• 5. What do we use energy for?* • Most cellular energy in the body is stored in the chemical bonds of ATP • Cells require a continuous supply of energy to – Run chemical reactions – Grow – Reproduce – Move the body
  • 6. More big picture* • This lecture describes the reactions that move the energy from energy STORAGE molecules (like glucose and fat) to energy CARRYING molecules (like ATP, NADH and FADH2) • About 40% of the energy in glucose can be transferred to ATP, the rest is released as heat. • Cells break down glucose (the most common energy storage molecule) and give it to energy carrying molecules (ATP) via 2 separate reactions: – Glycolysis (2 steps) • Glucose activation • Energy Harvest – Cellular Respiration (3 steps) • Creation of Acetyl CoA • Krebs Cycle • Oxidative Phosphorylation
  • 7. A Summary of Glucose Breakdown Fig. 8-2 cellular respiration glucose glycolysis fermentation2 pyruvate lactate ethanol + CO2 (cytoplasmic fluid) mitochondrion ATP CO2 34 or 36 ATP2 6 H2O O2 6 6 If no O2 is availableIf O2 is available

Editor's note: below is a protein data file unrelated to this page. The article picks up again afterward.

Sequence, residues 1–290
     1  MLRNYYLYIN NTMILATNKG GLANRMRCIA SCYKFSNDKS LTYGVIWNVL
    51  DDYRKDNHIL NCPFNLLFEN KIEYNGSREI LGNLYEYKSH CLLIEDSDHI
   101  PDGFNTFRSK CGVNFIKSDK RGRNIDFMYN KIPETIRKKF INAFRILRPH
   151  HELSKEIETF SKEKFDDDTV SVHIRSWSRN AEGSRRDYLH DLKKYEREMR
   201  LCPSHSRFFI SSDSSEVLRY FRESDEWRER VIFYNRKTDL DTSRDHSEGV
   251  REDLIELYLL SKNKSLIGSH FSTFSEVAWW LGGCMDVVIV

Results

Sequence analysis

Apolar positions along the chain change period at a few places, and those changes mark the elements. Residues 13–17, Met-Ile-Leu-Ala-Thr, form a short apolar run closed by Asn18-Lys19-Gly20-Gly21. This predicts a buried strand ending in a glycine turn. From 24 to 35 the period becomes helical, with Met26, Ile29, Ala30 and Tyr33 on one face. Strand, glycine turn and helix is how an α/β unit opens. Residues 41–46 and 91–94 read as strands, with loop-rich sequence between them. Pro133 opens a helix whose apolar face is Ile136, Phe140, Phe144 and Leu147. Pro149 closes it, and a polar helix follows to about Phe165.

• 8. Glycolysis: 2 parts • Takes place in cytoplasm • Starts with a molecule of glucose, ends with PYRUVATE • Is an anaerobic reaction: can happen even in the absence of oxygen • 2 parts – Glucose activation: a glucose molecule is energized by the addition of TWO high energy phosphates FROM TWO ATP molecules, leaving ADP. (Yes, you have to spend ATP to make it!) – Energy Harvest: The products of these reactions give high energy phosphates back to 4 ADP molecules, resulting in the creation of 4 ATP molecules (but only a NET production of 2 ATPs.) Also, 2 high energy electrons and a hydrogen ion are added to “empty” electron carrier NAD+ to make NADH. Pyruvate is the end product of glycolysis.